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Businesses fail tobacco compliance checks

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news Worthington, 56187
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Worthington Minnesota 300 11th Street / P.O. Box 639 56187

WORTHINGTON -- Four businesses in Nobles and Rock counties failed tobacco compliance checks conducted in July by Nobles-Rock Community Health Services.

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The Pit Stop in Round Lake, Wal-Mart and Fareway Foods in Worthington, and Casey's Gas on U.S. 75 in Luverne all failed after clerks at those locations sold tobacco products to teens younger than 18.

NRCHS Health Educator Paula Bloemendaal reported during the NRCHS meeting Wednesday in Worthington that Fareway Foods has failed the compliance checks two years in a row.

Businesses who fail the compliance are fined $75 for the first offense, while the clerk who actually sold the tobacco product is fined $50. For its second offense, Fareway Foods will be fined $200.

Bloemendaal also reported that work continues through the agency's ClearWay grant to promote the QuitPlan program at businesses.

Work also continues to progress on getting apartment complexes to go smoke-free.

Education on smoke-free apartments and daycares is the focus of NRCHS displays at local fairs this summer.

Other items discussed at the NRCHS meeting include:

* As Rock County continues its transition to Southwest Health and Human Services on Jan. 1, Rock County Administrator Kyle Oldre reported Wednesday that SWHHS will advertise three full-time equivalent positions within its agency: a public health nurse supervisor, a public health nurse and a community planner (similar to the health educator position but will also involve human services programming). The job postings will be available to NRCHS employees and the public simultaneously, with a targeted start date of Nov. 1. Oldre encouraged employees interested in applying for the positions to get on the Merit list, as hiring will be done through a state agency.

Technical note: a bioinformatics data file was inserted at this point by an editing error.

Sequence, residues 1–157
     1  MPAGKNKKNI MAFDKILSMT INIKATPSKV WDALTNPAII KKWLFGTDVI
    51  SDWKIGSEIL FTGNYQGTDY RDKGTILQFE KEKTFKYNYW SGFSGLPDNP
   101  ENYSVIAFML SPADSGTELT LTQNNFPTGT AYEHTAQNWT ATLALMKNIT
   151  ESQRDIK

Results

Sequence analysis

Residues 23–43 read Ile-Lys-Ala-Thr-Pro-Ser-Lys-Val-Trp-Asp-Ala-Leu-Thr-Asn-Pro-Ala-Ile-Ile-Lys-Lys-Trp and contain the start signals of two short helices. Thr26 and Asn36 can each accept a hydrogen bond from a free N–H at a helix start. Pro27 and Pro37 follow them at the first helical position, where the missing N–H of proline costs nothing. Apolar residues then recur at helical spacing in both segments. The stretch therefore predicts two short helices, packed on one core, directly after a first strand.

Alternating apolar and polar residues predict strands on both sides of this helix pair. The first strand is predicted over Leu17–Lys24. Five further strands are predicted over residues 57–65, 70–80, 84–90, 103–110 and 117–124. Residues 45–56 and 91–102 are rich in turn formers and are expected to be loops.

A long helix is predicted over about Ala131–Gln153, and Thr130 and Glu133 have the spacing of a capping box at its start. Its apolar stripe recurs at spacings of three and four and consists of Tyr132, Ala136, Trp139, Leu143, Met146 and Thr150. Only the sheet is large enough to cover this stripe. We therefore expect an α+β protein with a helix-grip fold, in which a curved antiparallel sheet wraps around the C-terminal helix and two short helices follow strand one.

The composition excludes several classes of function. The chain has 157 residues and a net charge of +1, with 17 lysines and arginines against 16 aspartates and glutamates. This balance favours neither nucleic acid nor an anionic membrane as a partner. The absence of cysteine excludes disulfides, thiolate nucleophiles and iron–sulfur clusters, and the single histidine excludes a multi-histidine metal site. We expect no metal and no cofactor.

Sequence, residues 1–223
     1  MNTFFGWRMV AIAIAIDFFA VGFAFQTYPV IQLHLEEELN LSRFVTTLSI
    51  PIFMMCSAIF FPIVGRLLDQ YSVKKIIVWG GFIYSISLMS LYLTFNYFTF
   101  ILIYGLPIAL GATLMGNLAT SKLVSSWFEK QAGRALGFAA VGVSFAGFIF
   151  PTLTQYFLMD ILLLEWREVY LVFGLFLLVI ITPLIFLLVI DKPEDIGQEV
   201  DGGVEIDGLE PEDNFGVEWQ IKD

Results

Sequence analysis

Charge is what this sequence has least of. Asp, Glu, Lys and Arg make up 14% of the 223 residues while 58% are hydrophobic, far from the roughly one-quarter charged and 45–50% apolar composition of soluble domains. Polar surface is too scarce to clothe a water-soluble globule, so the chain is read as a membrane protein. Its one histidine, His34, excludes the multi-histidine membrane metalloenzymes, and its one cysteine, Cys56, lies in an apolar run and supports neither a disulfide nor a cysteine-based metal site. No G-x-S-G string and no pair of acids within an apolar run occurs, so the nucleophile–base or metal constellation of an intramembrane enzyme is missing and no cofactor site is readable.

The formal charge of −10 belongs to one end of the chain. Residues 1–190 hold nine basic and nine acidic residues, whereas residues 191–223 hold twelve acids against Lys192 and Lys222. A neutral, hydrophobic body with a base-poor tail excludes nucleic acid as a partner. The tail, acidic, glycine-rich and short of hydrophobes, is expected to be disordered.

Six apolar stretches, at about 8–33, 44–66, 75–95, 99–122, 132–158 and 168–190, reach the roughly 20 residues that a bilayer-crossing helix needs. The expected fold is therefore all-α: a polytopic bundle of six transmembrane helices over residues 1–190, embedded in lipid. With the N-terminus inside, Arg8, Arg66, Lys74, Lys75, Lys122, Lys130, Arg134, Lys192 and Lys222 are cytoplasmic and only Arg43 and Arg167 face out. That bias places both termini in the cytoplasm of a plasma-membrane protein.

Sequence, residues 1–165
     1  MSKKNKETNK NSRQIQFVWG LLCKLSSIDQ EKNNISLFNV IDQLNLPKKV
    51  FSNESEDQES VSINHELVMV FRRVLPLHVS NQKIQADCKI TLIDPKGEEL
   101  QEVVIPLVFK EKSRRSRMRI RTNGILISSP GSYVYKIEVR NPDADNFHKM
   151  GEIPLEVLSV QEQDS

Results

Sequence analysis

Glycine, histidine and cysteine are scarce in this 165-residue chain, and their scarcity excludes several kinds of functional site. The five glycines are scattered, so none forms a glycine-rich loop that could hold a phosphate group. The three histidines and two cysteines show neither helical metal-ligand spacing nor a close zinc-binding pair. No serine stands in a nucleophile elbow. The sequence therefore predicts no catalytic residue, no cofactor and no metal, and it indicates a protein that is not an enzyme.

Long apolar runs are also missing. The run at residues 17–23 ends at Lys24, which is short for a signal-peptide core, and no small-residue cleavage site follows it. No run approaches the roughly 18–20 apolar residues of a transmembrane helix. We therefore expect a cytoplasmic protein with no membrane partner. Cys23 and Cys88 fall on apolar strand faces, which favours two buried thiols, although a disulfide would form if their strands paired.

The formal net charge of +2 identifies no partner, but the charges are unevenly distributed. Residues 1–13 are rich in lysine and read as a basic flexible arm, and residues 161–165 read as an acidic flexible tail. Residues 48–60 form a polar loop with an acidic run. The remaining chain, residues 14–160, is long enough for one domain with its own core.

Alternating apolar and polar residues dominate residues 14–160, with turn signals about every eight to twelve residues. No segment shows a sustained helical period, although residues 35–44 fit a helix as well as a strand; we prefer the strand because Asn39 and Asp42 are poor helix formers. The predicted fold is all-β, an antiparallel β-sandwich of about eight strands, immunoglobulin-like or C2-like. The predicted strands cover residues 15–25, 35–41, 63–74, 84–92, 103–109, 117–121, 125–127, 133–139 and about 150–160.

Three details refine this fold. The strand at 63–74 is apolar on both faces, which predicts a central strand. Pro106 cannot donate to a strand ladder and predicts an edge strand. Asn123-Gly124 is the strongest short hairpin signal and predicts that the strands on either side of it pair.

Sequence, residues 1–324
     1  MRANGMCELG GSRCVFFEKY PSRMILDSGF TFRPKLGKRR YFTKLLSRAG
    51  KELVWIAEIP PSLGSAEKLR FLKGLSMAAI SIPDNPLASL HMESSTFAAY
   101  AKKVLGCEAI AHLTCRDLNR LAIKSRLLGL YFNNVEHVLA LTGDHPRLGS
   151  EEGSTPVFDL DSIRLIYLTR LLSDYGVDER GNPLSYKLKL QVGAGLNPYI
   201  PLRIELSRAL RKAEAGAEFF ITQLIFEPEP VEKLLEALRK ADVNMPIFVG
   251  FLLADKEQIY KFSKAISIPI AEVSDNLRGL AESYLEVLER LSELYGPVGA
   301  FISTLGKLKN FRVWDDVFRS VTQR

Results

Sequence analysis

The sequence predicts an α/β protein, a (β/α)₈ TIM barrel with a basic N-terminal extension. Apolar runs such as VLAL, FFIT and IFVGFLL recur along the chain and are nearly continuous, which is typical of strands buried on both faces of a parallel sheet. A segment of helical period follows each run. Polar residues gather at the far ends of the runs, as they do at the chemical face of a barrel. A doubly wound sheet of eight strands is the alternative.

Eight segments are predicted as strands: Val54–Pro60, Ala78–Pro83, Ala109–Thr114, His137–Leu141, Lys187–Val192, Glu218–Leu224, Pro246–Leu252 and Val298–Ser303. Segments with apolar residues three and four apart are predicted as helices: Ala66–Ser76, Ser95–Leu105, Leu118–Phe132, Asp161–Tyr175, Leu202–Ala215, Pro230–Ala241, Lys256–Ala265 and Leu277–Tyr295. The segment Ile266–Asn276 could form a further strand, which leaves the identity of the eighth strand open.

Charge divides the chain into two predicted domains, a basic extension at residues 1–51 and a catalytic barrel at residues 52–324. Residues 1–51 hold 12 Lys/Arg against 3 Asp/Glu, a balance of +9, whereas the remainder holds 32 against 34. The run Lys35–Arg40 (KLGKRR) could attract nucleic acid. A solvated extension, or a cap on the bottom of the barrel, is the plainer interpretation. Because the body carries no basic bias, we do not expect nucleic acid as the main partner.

Oldre said if all three positions are filled with employees from NRCHS, it may create a hardship for the agency to continue to operate through the end of the year. SWHHS has agreed to work with the agency if that happens.

NRCHS board chair Karen Pfeifer said she didn't have the same degree of information from Nobles County, and was unable to address where the county was at in terms of filling positions for the Nobles County Health and Human Services agency that launches on Jan. 1.

Nobles County Commissioner Marv Zylstra said with the new public health supervisor beginning this week in Nobles County, the goal is to begin identifying "how many core, initial positions we need."

"Hopefully, if they are in the position, they will apply," he added.

Layoff notices were sent to all NRCHS employees in July, with an effective date of Dec. 31.

* An executive session to discuss labor negotiations was called. Following the closed meeting, the board approved a collective bargaining agreement with American Federation of State, County and Municipal Employees Council 65. The NRCHS agency recently formed a union.

* The agency is providing monthly medications to 30 individuals with latent tuberculosis and serving five individuals, including four children and one adult, with active TB. The adult resides in Rock County, while the children are Nobles County residents.

l NRCHS will receive a $24,338 dividend this year from Minnesota Counties Intergovernmental Trust.

* NRCHS Community Health Organizer Kristin Butenhoff has requested to be moved from a full-time to part-time employee as she has accepted another job. Because her position was created to work with the agency's Statewide Health Improvement Plan grant and the ClearWay grant, Bloemendaal told the board it would be "very difficult" to reach the goals of the two grants without having Butenhoff on staff. The board approved the request, and will classify Butenhoff as a part-time intermittent employee effective Sept. 6.

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Julie Buntjer
Julie Buntjer joined the Daily Globe newsroom in December 2003, after working more than nine years for weekly newspapers. A native of Worthington and graduate of Worthington High School, then-Worthington Community College and South Dakota State University, she has a bachelor's degree in agriculture journalism. At the Daily Globe, Julie covers the agricultural beat, as well as Nobles County government, watersheds, community news and feature stories. In her spare time, she enjoys needlework (cross-stitch and hardanger embroidery), reading, travel, fishing and spending time with family. Find more of her stories of farm life, family and various other tidbits at www.farmbleat.areavoices.com.
(507) 376-7330
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